How Do Mildew Harm Plants?

Although powdery mildew does not usually kill a plant, it can cause the plant to become malnourished. This makes the plant vulnerable to other problems such as root rot and wilting. When plants are infected with powdery mildew, they produce more spores than usual. These spores are easily spread to nearby healthy plants by wind and water. As these spores infect more and more plants, the amount of mildew on the infected plant increases. Soon, the entire plant community is infested. This eventually causes the leaves of the infected plants to turn yellow and fall off.
In areas where powdery mildew is a problem, you should try to maintain a "mildew-free" environment in your greenhouse or outdoor grow room. If possible, avoid overhead irrigation. Use drip or trickle irrigation instead. Make sure all plant surfaces are well-drained. Keep the humidity at or below 70%. And, if possible, grow your plants in a "mildew-free" area. By doing this, you will help prevent the spread of powdery mildew.

How to Get Rid of Powdery Mildew with Organic Remedies

If you would like to use natural remedies to control powdery mildew, here are some things you can do:

1. Cut and remove infected leaves:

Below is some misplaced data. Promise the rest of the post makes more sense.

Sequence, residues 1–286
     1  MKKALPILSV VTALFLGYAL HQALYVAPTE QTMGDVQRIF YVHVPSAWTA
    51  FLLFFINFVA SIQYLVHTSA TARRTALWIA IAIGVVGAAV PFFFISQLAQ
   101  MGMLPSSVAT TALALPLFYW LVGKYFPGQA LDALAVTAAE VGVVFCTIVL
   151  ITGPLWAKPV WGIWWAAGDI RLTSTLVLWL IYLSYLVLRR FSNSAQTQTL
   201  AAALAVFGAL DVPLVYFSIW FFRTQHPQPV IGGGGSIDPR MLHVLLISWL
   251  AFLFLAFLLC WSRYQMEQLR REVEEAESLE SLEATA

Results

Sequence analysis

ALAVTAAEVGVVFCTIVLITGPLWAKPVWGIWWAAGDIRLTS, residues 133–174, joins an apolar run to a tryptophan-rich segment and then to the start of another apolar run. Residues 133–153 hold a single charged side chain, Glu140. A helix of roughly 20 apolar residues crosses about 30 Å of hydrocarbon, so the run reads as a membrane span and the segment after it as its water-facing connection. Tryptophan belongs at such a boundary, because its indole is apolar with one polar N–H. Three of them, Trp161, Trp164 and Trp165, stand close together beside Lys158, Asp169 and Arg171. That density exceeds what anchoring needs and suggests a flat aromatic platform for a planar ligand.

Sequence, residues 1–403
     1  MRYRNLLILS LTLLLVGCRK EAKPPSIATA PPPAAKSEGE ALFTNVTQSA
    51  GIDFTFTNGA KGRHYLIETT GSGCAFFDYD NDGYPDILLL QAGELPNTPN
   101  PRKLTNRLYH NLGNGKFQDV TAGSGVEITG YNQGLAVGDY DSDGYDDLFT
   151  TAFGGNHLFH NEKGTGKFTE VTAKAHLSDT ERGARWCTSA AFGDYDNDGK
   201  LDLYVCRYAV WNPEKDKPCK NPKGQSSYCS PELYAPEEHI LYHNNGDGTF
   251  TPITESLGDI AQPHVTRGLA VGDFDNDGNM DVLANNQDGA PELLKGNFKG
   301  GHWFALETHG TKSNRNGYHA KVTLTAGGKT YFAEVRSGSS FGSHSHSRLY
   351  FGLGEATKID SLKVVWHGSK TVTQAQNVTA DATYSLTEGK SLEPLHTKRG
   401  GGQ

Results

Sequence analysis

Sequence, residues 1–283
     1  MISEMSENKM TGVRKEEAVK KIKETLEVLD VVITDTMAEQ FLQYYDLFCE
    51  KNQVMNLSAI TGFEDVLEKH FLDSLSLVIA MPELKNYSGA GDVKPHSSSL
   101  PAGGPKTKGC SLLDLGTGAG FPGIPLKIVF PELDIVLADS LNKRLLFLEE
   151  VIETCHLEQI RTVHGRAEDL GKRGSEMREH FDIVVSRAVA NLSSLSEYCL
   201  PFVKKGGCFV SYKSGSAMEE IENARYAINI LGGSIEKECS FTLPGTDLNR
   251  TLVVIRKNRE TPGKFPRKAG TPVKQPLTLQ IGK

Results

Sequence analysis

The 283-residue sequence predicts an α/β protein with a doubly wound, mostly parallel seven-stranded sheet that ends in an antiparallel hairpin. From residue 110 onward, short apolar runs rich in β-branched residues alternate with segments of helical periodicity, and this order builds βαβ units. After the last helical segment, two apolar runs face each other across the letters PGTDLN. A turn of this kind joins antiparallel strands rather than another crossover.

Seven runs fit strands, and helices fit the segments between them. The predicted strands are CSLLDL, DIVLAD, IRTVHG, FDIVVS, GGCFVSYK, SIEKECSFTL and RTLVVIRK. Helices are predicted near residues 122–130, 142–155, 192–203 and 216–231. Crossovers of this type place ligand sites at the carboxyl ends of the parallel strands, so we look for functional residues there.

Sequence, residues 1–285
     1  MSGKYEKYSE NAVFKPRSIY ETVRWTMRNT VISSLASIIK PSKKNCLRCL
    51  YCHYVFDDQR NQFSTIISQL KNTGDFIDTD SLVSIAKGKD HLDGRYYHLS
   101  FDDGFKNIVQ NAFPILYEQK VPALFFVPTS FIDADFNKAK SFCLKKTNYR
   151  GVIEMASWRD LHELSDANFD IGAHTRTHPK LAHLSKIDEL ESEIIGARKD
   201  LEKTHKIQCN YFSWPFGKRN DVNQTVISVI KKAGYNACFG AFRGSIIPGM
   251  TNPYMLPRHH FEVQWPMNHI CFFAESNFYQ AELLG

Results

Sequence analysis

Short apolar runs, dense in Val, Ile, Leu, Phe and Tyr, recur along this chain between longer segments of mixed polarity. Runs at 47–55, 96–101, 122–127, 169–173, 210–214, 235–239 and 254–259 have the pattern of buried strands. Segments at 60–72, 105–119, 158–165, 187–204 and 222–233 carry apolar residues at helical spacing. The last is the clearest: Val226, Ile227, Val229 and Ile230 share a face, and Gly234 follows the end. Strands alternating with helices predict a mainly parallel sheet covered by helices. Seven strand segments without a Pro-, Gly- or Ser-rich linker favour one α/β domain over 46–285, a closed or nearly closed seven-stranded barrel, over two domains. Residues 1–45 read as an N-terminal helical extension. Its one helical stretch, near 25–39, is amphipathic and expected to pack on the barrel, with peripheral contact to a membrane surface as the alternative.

Remove and destroy any and all infected leaves. This will not only remove the mildew but will also stimulate the plant to produce new, healthy leaves.

2. Spray the plant with baking soda:

Mix one-half cup of baking soda with one gallon of water. Using a spray bottle, spray the mixture on the plant. Let the mixture sit on the plant for a few minutes. Then, brush off the plant with a soft cloth. Repeat the process once a week until the powdery mildew is gone. In contrast to most commercial fungicides, this method is safe for plants, people and the environment.

3. Use potassium bicarbonate:

Like baking soda, potassium bicarbonate is an alkaline compound that kills and controls many fungal diseases. It works much like baking soda. Apply it as a dusting powder to the plant by brushing it on the leaves and stems. Do this weekly until the disease is under control.

4. Neem oil spray: